What you can do to prepare for severe weather at UNT

The North Texas area could see some severe weather now that spring has arrived. It’s important to remember that there is no official start of severe weather season in North Texas. Severe weather can occur at any time during the year, so it’s good to always be prepared.

But as the time of the year approaches when the likelihood for severe weather increases, it’s a good time to review what should be done to keep the campus community safe.

The most important thing a person can do is take responsibility for his or her own safety. Before an emergency arises, take the time to:

  • Keep Eagle Alert information up to date at my.unt.edu. This is the primary means by which UNT community members receive emergency notifications (e.g., Tornado Warning). Also follow @UNTEagleAlert on Twitter to get up to date information as an emergency situation unfolds.
  • Stay aware. When severe weather is in the forecast, keep an eye on the weather. The National Weather Service is a reliable resource for rapidly changing weather conditions. Follow the UNT Office of Emergency Management and Safety Services Office on Twitter and Facebook for ongoing updates as well.
  • Attend Emergency Readiness Training provided by UNT Police and the Office of Emergency Management and Safety Services. This training provides information and resources available to assist in maintaining preparedness. Topics include severe weather, medical emergencies and responses, active threats of violence, active shooter preparedness and resources available to our community. You can also request a class.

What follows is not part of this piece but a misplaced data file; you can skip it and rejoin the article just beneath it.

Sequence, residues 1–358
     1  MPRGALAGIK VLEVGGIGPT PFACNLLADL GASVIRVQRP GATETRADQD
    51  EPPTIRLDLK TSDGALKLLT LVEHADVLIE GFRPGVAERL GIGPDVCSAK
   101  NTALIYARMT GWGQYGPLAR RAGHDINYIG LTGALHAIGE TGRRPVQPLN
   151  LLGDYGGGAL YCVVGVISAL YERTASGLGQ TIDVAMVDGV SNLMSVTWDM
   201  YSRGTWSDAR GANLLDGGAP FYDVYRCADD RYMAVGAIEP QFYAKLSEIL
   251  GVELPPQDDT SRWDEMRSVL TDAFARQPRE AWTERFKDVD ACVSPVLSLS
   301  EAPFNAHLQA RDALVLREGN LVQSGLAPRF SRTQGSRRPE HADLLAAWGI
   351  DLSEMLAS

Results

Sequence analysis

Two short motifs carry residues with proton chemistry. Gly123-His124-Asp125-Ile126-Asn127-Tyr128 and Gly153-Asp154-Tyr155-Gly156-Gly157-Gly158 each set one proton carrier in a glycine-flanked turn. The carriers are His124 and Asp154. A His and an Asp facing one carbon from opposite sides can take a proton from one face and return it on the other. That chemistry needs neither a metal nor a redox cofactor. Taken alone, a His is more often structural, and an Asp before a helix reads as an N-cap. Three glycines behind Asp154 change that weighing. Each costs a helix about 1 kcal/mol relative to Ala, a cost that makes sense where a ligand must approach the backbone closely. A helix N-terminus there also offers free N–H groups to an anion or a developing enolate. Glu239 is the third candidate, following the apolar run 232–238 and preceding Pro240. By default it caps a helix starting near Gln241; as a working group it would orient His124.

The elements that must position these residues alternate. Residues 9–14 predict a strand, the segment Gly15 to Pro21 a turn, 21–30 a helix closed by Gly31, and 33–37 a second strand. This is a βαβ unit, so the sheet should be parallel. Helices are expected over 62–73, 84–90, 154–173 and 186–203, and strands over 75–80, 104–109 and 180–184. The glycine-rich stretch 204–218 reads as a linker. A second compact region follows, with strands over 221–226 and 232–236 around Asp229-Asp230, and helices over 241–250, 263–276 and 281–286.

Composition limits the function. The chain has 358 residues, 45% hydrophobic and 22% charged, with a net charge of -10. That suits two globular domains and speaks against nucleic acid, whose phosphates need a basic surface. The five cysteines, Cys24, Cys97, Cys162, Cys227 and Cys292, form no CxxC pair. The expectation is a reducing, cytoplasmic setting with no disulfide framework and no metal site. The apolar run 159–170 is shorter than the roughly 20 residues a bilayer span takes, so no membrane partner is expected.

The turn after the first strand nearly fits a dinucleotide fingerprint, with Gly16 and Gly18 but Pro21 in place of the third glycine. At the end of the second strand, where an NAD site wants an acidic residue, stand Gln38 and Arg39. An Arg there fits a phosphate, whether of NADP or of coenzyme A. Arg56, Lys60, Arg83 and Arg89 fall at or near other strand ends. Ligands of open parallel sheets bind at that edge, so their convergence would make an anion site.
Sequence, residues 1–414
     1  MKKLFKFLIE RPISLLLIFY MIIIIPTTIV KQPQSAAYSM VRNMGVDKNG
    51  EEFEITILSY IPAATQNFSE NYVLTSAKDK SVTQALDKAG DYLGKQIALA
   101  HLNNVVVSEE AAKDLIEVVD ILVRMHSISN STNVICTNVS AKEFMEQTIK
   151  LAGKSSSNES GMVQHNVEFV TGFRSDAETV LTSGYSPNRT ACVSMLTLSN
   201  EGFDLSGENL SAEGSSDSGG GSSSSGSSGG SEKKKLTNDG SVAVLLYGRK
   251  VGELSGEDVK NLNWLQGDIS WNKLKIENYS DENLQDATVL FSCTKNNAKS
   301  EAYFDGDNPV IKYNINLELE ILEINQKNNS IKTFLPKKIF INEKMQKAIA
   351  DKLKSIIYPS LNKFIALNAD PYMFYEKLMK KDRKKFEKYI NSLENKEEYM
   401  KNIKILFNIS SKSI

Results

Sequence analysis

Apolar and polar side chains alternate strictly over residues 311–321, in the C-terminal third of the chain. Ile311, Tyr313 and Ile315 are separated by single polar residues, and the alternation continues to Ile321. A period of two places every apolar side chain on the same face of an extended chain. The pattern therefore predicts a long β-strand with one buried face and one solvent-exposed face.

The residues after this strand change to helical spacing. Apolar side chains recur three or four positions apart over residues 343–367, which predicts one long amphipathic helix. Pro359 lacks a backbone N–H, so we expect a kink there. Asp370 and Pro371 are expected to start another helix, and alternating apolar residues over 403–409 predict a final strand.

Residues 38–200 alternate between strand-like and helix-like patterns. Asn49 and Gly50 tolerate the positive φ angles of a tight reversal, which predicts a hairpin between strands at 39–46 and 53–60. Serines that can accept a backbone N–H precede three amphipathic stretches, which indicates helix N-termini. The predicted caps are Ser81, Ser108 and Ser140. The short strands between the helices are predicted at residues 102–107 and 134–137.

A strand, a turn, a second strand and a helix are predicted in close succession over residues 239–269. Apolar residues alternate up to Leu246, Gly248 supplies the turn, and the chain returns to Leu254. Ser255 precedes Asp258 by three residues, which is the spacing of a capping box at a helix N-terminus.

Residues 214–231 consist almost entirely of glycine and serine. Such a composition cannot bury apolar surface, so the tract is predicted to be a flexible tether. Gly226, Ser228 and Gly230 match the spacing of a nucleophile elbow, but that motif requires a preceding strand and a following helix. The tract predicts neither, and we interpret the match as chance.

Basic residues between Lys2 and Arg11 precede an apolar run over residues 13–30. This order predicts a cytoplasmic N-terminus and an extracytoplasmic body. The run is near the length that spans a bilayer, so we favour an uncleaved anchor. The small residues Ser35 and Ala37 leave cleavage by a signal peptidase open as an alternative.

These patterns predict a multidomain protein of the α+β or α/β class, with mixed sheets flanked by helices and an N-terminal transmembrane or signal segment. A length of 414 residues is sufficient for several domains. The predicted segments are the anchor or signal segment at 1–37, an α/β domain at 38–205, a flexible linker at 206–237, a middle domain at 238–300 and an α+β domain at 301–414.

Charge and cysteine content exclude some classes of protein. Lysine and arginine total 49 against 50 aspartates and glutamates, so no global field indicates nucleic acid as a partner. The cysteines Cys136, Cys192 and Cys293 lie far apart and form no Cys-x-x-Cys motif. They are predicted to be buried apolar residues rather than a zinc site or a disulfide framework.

• Identify the nearest shelter areas. Shelter areas are designated for every building on campus and can be viewed at UNT Emergency Floor Plans or via the UNT Mean Green Ready App.
  • Learn common weather terms:
    • Severe thunderstorm watch—Severe thunderstorms are possible. Remain alert for approaching storms, watch the sky and stay tuned to NOAA Weather Radios, commercial radio or the local news for more information.
    • Severe thunderstorm warning—A severe thunderstorm has been sighted or indicated by weather radar and people in the area should take shelter immediately.
    • Tornado watch—Tornadoes are possible. Be alert for approaching storms, watch the sky and stay tuned to NOAA Weather Radios, commercial radio or the local news for more information.
    • Tornado warning—A tornado has been sighted or indicated by weather radar and people in the area should take shelter immediately.
  • Learn what to do regarding common hazards associated with severe weather and what resources are available to help you prepare for severe weather. Visit UNT Emergency Management and NWS Weather Safety to learn more about severe weather information and tools available to help with preparedness efforts.